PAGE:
Craig Johnson's books, read by George Guidall, have something of the wise old dad about them. No matter that Walt Longmire, sheriff of Wyoming's Absaroka County, is not so old he doesn't lust after his deputy, the apple-assed Vic Moretti. That just makes him more of a man. And man he is. Bearing all manner of physical insult, he comes out on top once again, chasing his quarry through an 18" snowstorm high in the hills surrounding Red Lodge, Montana.
The ridiculous nature of the events that set off a chain of murders can only be based in truth because no novelist would create such stories for fear his tribe of readers would leave him for dead. In interviews Johnson tells us that he gets the basis for his outrageous stories from his friends in the police, so the one about the man cleaning the chimney in the middle of the winter with a rag soaked in kerosene, and tied with a rope to the bumper of a Durango, has got to be true. Hard as it is to believe. But it is the home-smoked flavor of these great western stories that make this series so...home grown.
This is a series I allow myself to savor like a fine cigar. I pace myself, withholding the pleasure of beginning a new story until I feel I have earned a special treat. They are soothing to the soul, funny to the bone, candy for the brain, and oh-so-reassuring for those among us who fear wisdom eludes our public servants.
The whole of America is wrapped in these pages--a close, funny, irreverent look at "the way we live now." Funny and tragic at the same time, Freedom is a comedy of manners that can enter the literary canon as a marker for America early in the 21st century, just as the novels of Henry James and Edith Wharton gave us the motivations and beliefs of Americans in the early 20th. We're not really being adult about things, the author is telling us. Even our children are older and older before they leave the security of home, if they ever do. But maybe we're all acting like spoiled children because we can. No one political party comes off looking attractive after Franzen lays waste to their point of view, showing the absurdity of the rhetoric spewing from all sides. But the author clearly believes we have a responsibility to do the moral thing--a thing we already know but "choose" not to do. It is a human failing, but in this book, it has a particularly American flavor.
I felt much impatience with the long discussion of Patty's college years, even though I can attest to the kind of naivete Patty exhibited in high school with her neighbor boy and in college with her stalker girl. The narrative and my sense of involvement changed, however, when Richard was introduced. The scene where Patty changes her interest from Walter to Richard felt all too real. Which one of us has not experienced the pain and humiliation of a potential lover lusting after our best friend? From whichever angle--the foolish luster, the cool lustee, or the poorly-done-by loser, it is an oft-played, excrutiatingly painful memory, and when Franzen brought us there, he got my attention. From that point on, we regularly and ruefully see ourselves, our friends, our enemies, our families struggling to gain control of our lives, make decisions, and then overcome the results of poor decisions. With all the freedom we have to choose any direction, we often choose a wrong direction, the author is telling us.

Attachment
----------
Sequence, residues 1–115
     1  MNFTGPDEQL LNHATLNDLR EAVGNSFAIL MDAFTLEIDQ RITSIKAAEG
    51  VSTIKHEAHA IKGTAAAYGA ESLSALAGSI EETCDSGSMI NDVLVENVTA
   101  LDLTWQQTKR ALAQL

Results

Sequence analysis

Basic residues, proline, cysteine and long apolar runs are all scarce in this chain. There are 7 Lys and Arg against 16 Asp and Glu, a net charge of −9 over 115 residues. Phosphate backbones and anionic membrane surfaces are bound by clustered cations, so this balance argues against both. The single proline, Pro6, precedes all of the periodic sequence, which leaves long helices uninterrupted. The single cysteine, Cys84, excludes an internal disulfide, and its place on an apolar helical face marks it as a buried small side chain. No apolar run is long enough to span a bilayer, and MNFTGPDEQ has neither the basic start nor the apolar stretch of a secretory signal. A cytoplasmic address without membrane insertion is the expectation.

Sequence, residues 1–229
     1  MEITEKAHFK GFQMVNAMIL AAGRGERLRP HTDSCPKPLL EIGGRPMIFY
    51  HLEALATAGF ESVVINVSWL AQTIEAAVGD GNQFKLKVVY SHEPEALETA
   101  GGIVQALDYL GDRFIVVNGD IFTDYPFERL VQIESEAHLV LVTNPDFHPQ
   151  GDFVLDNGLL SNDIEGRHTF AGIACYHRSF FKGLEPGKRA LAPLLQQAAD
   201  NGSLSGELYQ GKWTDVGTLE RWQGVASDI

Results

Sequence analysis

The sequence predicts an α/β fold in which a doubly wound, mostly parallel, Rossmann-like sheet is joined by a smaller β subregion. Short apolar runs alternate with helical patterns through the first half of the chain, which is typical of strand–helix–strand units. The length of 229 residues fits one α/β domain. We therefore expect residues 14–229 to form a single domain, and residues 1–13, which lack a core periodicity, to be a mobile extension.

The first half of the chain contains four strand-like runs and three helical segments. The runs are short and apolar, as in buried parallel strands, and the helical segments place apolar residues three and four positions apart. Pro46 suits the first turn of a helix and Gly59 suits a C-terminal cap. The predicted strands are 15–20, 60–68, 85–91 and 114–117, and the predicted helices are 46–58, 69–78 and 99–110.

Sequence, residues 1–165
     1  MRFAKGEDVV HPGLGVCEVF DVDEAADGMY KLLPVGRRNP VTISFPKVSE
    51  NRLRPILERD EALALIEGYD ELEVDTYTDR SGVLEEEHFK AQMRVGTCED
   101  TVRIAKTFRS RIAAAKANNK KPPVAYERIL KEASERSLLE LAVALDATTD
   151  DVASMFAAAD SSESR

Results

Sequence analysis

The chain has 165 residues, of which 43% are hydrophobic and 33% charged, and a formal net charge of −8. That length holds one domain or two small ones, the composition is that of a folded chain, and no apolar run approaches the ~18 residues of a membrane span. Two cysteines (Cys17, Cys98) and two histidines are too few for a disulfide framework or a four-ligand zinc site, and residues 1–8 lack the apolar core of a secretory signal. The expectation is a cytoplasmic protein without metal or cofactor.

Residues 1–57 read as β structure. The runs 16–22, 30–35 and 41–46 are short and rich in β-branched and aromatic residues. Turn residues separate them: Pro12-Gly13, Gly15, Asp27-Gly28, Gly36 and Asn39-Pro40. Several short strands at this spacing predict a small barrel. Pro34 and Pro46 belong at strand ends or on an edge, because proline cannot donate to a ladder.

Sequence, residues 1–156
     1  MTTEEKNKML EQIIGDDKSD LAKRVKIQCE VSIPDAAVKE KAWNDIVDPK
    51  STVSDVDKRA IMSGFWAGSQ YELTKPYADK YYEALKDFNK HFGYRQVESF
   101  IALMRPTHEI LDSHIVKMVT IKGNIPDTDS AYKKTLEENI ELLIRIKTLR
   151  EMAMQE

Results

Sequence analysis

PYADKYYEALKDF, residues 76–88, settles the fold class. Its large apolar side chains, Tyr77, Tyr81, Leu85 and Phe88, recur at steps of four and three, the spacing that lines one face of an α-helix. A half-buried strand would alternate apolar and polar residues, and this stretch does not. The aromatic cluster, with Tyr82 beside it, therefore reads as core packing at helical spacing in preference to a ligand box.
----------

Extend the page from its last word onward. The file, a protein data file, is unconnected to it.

I'd have to put this firmly in the popular fiction category, but I wouldn't call it celebrity fiction, though that's what it is about. Lauren Weisberger treats us to a husband and wife team who actually achieve their highest aspirations financially and professionally, and suffer personally for it. So it has something for everyone...those who hope they succeed, and those who hope they fail. What kept me listening initially was the girlfriend talk in the beginning. It's always amazing to me that two people so different become such lasting friends. This is fiction, granted, but Weisberger seems to have a firm grip on the public pulse. In fact, she looks/writes like the pretty, popular girl at school. If you ever wondered what they were thinking while talking, here you might look behind the curtain.
Weinbeger talks about a different way of life from my own, and while I do not add reading celebrity gossip sheets to my list of guilty secrets, I do wonder about what it must be like to have one's privacy ravaged daily in supermarket tabloids. I actually admire those able to keep steady under such fearsome scrutiny. At her best, Weinberger reminds me of British novelist and screenwriter Julian Fellowes, who introduces us to a world beyond our imaginings in the upper reaches of British royalty. She is a bright, understanding, and seemingly balanced observer of human foibles as practiced by those we sometimes treat as super-human, when in fact they are only beautiful, famous, or rich, or all three.
I did grow somewhat tired of the stiff resistance to success as practiced by the wholesome main character, but it gave me moments to think what I might have done in such circumstances, and to wonder if I would have been so circumspect if I was 28 or 30 years old. But the ending was pure fiction of the old feel-good variety. I wasn't expecting it--things never turn out that way. But it was so delicious, that I listened to it twice.
Loved the idea of this series from the start, though through it I recognize the difficulty of keeping a series advancing without stagnating. So enjoyed the first books in the series, but passed up many opportunities to pick up this seventh in the series. When I came across an audio version and had time on my hands, I enjoyed hearing of the adventures of Maisie Dobbs, female British investigator extraordinaire, and her sidekick Billy as they uncover the killer of an American mapmaker in France during the Great War. The series ends with a promise of great changes in the lives of all concerned, and will undoubtedly spark the interest of avid fans.
I was also struck this time with the thought that this would make a good Masterpiece Theatre series and see no sign of that possibility on her website. British filmmakers, take note!